First-Person Singularities by Robert Silverberg
Three Rooms Press: 10/31/17
eBook review copy; 384 pages
First-Person Singularities by Robert Silverberg is a very highly
recommended collection of eighteen stories by Silverberg all told in the
first person singular. This is a wonderfully written collection of
many favorite stories that showcases Silverberg's enormous talent over
five decades, from 1956 to 1997, or from when Silverberg was 21 to when
was 62. The volume features an introduction by
John Scalzi. Each story is then introduced by Silverberg and he also
shares additional inside information about it.
Ishmael in Love: A well-educated dolphin is in love with a human woman.
Quote:"Misguided human beings sometimes question the morality of using
dolphins to help maintain fish farms. They believe it is degrading to
compel us to produce fellow aquatic creatures to be eaten by man. May I
simply point out, first, that none of us work here under compulsion, and
second, that my species sees nothing immoral about feeding on aquatic
creatures. We eat fish ourselves."
Going Down Smooth: A computer is a little bit off balance, perhaps
crazy, in this story. Quote: "They call me mad, but I am not mad. I am
quite sane, to manypower
exponential. I can punctuate properly. I use upper- and lower-case
letters, do you see? I function. I take the data in. I receive well. I
receive, I digest, I remember."
The Reality Trip: An alien being wearing a human disguise is trying to
fend off the unwanted attention of a fellow resident in the Chelsea
The Songs of Summer: A story featuring multiple first person narrators. A man travels to the future and tries to take control.
The Martian Invasion Journals of Henry James: A retelling of Wells’s tale of Martian invaders as if the
invasion had been experienced firsthand by Henry James.
Push No More: A sexually inexperienced Jewish boy happens to be a poltergeist.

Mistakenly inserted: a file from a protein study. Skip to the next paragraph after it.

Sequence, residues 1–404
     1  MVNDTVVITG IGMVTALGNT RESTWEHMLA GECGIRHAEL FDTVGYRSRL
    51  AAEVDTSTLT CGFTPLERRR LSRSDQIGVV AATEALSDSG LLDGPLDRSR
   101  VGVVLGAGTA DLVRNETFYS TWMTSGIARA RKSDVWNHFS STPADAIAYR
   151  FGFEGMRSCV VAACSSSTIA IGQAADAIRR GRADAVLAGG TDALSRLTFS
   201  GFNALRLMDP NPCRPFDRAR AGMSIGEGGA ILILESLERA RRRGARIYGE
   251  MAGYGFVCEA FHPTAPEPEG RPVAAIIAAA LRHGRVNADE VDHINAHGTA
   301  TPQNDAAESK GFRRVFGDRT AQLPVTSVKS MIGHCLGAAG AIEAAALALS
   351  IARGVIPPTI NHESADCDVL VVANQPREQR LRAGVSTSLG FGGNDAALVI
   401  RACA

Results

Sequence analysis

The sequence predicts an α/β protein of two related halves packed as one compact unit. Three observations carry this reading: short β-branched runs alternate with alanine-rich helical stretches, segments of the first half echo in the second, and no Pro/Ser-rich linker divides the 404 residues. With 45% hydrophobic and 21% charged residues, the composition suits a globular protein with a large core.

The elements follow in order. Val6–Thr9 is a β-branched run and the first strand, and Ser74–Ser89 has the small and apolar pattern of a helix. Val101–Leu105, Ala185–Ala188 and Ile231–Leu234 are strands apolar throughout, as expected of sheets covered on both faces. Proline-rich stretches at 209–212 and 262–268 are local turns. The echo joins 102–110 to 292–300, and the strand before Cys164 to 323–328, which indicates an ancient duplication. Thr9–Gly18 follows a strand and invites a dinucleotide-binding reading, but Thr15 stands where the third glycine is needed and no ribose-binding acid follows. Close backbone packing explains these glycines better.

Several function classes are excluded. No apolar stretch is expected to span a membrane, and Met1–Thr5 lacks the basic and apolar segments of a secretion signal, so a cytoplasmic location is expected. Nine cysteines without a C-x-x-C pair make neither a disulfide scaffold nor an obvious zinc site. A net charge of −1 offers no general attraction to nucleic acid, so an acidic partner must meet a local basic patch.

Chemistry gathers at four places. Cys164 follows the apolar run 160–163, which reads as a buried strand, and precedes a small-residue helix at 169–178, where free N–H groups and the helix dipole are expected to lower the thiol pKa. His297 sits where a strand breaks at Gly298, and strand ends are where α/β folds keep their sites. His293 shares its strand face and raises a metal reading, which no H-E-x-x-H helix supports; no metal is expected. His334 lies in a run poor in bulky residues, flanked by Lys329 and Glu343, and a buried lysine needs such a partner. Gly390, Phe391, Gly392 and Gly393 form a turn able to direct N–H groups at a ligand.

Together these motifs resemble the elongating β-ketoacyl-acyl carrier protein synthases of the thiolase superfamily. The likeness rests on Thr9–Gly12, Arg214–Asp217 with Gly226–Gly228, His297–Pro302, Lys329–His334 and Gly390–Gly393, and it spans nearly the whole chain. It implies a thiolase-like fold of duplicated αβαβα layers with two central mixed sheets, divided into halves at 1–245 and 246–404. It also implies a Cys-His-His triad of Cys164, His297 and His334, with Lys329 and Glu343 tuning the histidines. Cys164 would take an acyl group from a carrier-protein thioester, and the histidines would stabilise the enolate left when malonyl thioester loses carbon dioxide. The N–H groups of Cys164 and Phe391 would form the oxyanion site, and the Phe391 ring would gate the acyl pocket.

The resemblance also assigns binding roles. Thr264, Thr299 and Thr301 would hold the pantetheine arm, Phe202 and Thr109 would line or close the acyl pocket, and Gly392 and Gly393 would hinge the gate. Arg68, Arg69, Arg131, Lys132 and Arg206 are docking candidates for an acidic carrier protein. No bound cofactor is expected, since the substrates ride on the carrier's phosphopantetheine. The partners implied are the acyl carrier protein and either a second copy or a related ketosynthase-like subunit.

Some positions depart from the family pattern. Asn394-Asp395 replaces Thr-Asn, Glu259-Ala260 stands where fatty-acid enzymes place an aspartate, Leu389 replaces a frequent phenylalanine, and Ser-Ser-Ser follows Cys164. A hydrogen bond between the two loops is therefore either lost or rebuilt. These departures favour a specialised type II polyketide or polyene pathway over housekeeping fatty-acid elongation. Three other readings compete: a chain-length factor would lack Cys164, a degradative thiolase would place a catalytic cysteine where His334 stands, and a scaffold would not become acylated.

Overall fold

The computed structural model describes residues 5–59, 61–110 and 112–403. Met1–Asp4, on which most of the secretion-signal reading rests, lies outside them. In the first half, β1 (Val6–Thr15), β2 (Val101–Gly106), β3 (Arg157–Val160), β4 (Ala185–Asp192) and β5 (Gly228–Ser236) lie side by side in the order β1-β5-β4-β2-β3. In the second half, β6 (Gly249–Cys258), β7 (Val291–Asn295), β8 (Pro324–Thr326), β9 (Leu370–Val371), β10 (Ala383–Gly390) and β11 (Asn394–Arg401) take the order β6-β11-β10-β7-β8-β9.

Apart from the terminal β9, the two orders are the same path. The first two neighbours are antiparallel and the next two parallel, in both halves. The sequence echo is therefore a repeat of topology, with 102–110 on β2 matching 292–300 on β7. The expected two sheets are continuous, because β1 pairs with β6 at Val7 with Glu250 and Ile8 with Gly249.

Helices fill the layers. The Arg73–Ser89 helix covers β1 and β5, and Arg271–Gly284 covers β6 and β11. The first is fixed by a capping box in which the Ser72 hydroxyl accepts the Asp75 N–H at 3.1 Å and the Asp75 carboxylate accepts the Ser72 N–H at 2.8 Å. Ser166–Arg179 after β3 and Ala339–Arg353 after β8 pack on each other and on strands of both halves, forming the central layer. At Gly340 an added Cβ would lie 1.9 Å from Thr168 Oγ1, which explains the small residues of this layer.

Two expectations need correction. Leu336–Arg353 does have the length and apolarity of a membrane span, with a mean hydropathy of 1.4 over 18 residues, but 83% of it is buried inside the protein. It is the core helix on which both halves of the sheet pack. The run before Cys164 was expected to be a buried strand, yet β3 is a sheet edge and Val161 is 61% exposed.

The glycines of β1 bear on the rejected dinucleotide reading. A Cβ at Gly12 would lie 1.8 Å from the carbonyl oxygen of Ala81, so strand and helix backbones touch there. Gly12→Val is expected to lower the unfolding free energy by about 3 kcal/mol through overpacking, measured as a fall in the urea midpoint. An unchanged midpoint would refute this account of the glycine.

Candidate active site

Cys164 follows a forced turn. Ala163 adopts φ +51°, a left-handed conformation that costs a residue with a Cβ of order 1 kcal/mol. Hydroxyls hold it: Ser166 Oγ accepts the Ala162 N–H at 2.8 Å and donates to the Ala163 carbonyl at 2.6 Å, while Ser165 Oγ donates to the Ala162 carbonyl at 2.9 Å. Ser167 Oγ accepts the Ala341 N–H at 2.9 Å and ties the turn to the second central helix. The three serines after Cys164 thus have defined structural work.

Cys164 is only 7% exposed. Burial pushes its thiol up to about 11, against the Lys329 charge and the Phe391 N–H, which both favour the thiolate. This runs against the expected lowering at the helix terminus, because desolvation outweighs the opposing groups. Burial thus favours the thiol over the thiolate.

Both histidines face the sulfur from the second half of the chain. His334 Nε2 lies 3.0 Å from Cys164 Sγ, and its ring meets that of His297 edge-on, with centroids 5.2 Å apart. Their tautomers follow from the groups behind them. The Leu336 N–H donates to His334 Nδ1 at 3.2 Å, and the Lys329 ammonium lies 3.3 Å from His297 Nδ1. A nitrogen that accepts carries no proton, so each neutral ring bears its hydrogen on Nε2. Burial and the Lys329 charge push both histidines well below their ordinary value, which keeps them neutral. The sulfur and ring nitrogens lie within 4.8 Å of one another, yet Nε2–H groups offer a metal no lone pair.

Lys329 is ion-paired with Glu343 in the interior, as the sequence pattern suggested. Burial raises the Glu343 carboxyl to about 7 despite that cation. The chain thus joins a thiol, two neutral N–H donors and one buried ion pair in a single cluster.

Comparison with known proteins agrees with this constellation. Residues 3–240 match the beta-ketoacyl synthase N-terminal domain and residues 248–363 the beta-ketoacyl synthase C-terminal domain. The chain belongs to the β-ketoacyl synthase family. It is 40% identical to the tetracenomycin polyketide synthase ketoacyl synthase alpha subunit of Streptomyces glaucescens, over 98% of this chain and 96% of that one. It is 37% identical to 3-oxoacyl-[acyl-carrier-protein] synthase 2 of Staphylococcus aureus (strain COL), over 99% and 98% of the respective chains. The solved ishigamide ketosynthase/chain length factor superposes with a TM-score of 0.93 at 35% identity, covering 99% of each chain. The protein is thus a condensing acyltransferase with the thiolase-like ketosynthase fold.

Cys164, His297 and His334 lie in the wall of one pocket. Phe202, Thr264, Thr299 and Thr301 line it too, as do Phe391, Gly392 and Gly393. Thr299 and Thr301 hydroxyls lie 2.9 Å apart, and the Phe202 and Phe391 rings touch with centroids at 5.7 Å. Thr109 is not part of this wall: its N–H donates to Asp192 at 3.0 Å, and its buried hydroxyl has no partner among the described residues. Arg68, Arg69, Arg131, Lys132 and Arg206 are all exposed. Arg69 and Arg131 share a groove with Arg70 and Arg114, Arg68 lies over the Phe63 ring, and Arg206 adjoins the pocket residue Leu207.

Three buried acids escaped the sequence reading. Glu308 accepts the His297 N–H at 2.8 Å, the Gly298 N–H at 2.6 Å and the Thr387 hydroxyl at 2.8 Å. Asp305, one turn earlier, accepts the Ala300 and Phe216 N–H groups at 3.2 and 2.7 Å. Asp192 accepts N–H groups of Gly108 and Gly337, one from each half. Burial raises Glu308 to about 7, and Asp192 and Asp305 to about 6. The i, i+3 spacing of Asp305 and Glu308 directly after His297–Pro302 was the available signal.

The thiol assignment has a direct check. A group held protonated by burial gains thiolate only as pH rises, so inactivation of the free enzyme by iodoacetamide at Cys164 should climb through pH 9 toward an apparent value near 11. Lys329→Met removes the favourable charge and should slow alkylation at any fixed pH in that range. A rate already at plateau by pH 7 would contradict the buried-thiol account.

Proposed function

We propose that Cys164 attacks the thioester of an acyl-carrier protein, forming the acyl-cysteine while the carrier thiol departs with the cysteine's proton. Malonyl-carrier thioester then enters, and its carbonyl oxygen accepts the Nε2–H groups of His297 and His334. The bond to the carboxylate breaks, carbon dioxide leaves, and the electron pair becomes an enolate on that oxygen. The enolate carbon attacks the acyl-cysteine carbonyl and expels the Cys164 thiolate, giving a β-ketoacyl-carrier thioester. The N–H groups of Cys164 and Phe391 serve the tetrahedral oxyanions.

House of Bones: The story of a man who finds himself stranded many thousands of years
in the past.
Call Me Titan: Typhoeus, one of the Titans awakes, and looks for members of the old pantheon.
Our Lady of the Sauropods: A scientist visits the L5 space
satellite/habitat where the reconstructed dinosaurs are kept. Quote:
"What a brilliant idea it was to put all the Olsen-process
dinosaur-reconstructs aboard a little and
turn them loose to recreate the Mesozoic! After that unfortunate San
Diego event with the tyrannosaur, it became politically unfeasible to
keep them anywhere on earth..."
There Was an Old Woman: A man, one of thirty-one identical siblings,
writes about his mother, a scientist with a theory. Quote: "Each of us
was slated for a different profession. It was the ultimate
proof of her theory. Genetically identical, physically identical except
for the minor changes time had worked on our individual bodies, we would
nevertheless seek out different fields of employment. She worked out
the assignments at random..."
The Dybbuk of Mazel Tov IV: Mazel Tov IV is a planet that has been
colonized by Jews
fleeing from persecution by their fellow Earthlings. Quote: "But there
was no arguing the phenomenon away. There was the voice of
Joseph Avneri emerging from the throat of Seul the Kunivar, and the
voice was saying things that only Joseph would have said, and Joseph had
been dead more than a year. Call it a dybbuk, call it hallucination,
call it anything: Joseph’s presence could not be ignored."
Caliban: "The tale of the
one ugly man in a world of people who have made themselves look like
Passengers: Aliens can take over human minds, as "passengers" and
control them. Quote: "It is always like that when a Passenger leaves us.
We can never be sure
of all the things our borrowed bodies did. We have only the lingering
traces, the imprints."
Now Plus N, Now Minus N: A story written in the first-person plural about somebody who is
getting stock market information from his future self and relaying it to his past
The Iron Star: The after effects of a supernova are noted on a distant world when an alien race is encountered.
The Science Fiction Hall of Fame: "My mind is cluttered with other men’s fantasies: robots, androids,
starships, giant computers, predatory energy globes, false messiahs,
real messiahs, visitors from distant worlds, time machines, gravity
repellers. Punch my buttons and I offer you parables from the works of
Hartzell or Marcus, appropriate philosophical gems borrowed from the
collected editorial utterances of David Coughlin, or concepts dredged
from my meditations on De Soto. I am a walking mass of secondhand
imagination. I am the flesh-and-blood personification of the Science
Fiction Hall of Fame."
To See the Invisible Man: A man is sentenced to one year of invisibility.
The Secret Sharer: This story is a rewriting of Conrad's plot where a ship's captain finds a stowaway on board.
My review copy was courtesy of Three Rooms Press.